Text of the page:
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Today's Stichomancy for Winston Churchill

The first excerpt represents the element of Air. It speaks of mental influences and the process of thought, and is drawn from Dracula by Bram Stoker:

so recklessly, she clung to her husband's arm, and held it tight as though her clinging could protect him from any harm that might come. She said nothing, however, till the narration was all done, and matters had been brought up to the present time.

Then without letting go her husband's hand she stood up amongst us and spoke. Oh, that I could give any idea of the scene. Of that sweet, sweet, good, good woman in all the radiant beauty of her youth and animation, with the red scar on her forehead, of which she was conscious, and which we saw with grinding of our teeth, remembering whence and how it came. Her loving kindness against our grim hate. Her tender faith against all our fears and doubting.

The second excerpt represents the element of Fire. It speaks of emotional influences and base passions, and is drawn from Phantasmagoria and Other Poems by Lewis Carroll:

Mention no places, names, or dates, And evermore be sure Throughout the poem to be found Consistently obscure.

"First fix upon the limit To which it shall extend: Then fill it up with 'Padding' (Beg some of any friend): Your great SENSATION-STANZA You place towards the end."

"And what is a Sensation,

The third excerpt represents the element of Water. It speaks of pure spiritual influences and feelings of love, and is drawn from The Lock and Key Library by Julian Hawthorne, Ed.:

within and without. Man alone, of all earthly creatures, asks, "Can the dead die forever?" and the instinct that urges the question is God's answer to man. No instinct is given in vain.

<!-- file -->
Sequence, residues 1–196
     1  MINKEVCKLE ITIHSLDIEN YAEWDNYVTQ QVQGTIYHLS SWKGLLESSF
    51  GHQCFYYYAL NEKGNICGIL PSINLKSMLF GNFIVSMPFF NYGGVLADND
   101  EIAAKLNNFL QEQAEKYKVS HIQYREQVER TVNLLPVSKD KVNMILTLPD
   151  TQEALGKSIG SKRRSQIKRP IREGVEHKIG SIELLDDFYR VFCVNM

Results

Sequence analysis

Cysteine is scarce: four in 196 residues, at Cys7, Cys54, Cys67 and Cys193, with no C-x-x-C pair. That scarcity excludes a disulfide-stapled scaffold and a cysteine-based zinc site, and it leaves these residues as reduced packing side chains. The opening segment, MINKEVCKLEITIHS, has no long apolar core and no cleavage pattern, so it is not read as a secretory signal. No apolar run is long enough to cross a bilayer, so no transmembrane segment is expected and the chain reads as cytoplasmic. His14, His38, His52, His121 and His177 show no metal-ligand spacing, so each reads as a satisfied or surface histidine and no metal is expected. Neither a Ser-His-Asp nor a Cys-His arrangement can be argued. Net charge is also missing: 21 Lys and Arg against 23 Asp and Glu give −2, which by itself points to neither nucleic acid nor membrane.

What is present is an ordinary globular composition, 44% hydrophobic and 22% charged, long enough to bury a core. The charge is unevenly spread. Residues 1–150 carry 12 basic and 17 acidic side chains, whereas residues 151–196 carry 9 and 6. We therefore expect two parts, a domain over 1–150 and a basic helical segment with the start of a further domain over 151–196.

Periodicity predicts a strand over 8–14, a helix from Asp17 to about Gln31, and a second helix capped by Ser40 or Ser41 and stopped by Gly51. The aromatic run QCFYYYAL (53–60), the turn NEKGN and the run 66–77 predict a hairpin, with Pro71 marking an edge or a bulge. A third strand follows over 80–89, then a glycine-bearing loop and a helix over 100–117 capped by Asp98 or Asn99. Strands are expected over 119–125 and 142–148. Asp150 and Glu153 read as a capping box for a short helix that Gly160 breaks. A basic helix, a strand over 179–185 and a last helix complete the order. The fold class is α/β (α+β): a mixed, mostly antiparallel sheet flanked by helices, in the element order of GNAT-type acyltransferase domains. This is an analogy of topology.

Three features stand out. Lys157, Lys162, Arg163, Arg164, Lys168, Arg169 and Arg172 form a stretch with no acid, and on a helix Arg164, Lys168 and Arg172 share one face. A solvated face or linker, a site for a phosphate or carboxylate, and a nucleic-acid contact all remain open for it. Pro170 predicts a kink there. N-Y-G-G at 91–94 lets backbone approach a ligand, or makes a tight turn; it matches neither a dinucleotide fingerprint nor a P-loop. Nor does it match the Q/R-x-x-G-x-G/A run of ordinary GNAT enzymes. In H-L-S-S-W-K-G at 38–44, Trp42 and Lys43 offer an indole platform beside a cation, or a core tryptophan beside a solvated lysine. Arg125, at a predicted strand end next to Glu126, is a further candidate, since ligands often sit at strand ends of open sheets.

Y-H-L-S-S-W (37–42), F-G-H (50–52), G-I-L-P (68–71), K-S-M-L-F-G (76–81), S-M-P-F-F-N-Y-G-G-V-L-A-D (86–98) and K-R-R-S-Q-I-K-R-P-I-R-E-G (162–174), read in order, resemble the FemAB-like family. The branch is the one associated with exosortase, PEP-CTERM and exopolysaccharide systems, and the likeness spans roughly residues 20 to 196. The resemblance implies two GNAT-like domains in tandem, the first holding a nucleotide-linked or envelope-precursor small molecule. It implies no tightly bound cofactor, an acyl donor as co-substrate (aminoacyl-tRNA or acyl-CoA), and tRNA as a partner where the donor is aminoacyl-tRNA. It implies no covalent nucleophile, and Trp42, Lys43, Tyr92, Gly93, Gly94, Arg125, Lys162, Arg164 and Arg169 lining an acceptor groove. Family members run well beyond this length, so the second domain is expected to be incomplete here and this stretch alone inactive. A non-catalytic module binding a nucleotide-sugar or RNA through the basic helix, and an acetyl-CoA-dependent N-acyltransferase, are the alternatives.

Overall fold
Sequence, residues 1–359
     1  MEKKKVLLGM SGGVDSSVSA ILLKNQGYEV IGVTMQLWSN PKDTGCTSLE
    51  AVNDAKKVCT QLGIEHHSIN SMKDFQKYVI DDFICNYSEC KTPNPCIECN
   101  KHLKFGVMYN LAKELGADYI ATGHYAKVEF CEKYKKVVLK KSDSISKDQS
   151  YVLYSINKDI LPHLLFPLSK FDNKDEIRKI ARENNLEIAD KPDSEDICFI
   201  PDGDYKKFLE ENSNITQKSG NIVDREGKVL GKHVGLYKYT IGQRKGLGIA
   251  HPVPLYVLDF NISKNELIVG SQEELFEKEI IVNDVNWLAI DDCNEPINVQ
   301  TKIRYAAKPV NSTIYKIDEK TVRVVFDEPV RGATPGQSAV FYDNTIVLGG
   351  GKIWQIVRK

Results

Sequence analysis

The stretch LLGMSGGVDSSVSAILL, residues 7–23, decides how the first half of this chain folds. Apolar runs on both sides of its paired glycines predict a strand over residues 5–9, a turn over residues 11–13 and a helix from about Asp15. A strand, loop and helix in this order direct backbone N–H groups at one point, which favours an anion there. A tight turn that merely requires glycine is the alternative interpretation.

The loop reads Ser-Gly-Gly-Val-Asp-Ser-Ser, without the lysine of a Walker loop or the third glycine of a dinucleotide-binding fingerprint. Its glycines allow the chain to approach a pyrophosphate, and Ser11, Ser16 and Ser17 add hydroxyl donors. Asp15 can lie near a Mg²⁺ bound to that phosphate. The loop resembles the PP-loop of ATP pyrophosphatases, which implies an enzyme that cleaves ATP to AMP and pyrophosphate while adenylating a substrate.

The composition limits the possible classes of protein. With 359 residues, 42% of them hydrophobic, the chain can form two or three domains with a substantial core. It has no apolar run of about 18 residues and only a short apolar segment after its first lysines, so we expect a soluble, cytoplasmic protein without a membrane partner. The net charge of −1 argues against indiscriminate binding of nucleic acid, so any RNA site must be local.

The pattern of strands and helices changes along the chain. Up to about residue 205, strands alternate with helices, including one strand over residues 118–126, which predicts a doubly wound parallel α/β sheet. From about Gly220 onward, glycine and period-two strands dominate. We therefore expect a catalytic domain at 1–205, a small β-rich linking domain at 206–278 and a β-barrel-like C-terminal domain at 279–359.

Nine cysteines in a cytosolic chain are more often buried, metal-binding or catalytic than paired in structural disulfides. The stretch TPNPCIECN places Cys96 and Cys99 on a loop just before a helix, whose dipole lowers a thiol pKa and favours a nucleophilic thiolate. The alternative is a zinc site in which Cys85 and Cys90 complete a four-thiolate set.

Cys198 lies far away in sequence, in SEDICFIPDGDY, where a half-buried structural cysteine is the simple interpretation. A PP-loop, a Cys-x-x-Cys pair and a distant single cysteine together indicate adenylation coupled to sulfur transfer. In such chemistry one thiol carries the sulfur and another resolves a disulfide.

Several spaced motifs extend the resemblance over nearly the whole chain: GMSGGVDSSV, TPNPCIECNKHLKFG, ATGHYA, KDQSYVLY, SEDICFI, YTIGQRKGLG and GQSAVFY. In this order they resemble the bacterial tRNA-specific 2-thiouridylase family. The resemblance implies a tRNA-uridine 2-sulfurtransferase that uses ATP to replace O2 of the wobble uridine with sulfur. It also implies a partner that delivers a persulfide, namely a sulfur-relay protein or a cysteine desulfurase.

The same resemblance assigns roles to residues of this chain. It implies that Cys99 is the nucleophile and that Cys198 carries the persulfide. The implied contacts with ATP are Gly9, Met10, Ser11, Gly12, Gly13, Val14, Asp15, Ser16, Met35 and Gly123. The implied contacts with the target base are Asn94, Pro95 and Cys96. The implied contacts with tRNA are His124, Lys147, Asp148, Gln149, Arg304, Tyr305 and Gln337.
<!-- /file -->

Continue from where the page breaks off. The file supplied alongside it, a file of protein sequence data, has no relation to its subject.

And born with the instinct of soul is the instinct that leads the soul from the seen to the unseen, from time to eternity, from the torrent that foams toward the Ocean of Death, to the source of its stream, far aloft from the Ocean.

"Know thyself," said the Pythian of old. "That precept descended from Heaven." Know thyself! Is that maxim wise? If so, know thy soul. But never yet did man come to the thorough conviction of soul but what he acknowledged the sovereign necessity of prayer.

The fourth excerpt represents the element of Earth. It speaks of physical influences and the impact of the unseen on the visible world, and is drawn from Puck of Pook's Hill by Rudyard Kipling:

the gold. I remember Witta made a little, thin gold ring for our Bird to swing in.

'Three months we rowed and sailed and went ashore for fruits or to clean the ship. When we saw wild horsemen, riding among sand-dunes, flourishing spears, we knew we were on the Moors' coast, and stood over north to Spain; and a strong south-west wind bore us in ten days to a coast of high red rocks, where we heard a hunting-horn blow among the yellow gorse and knew it was England.

"'Now find ye Pevensey yourselves," said Witta. "I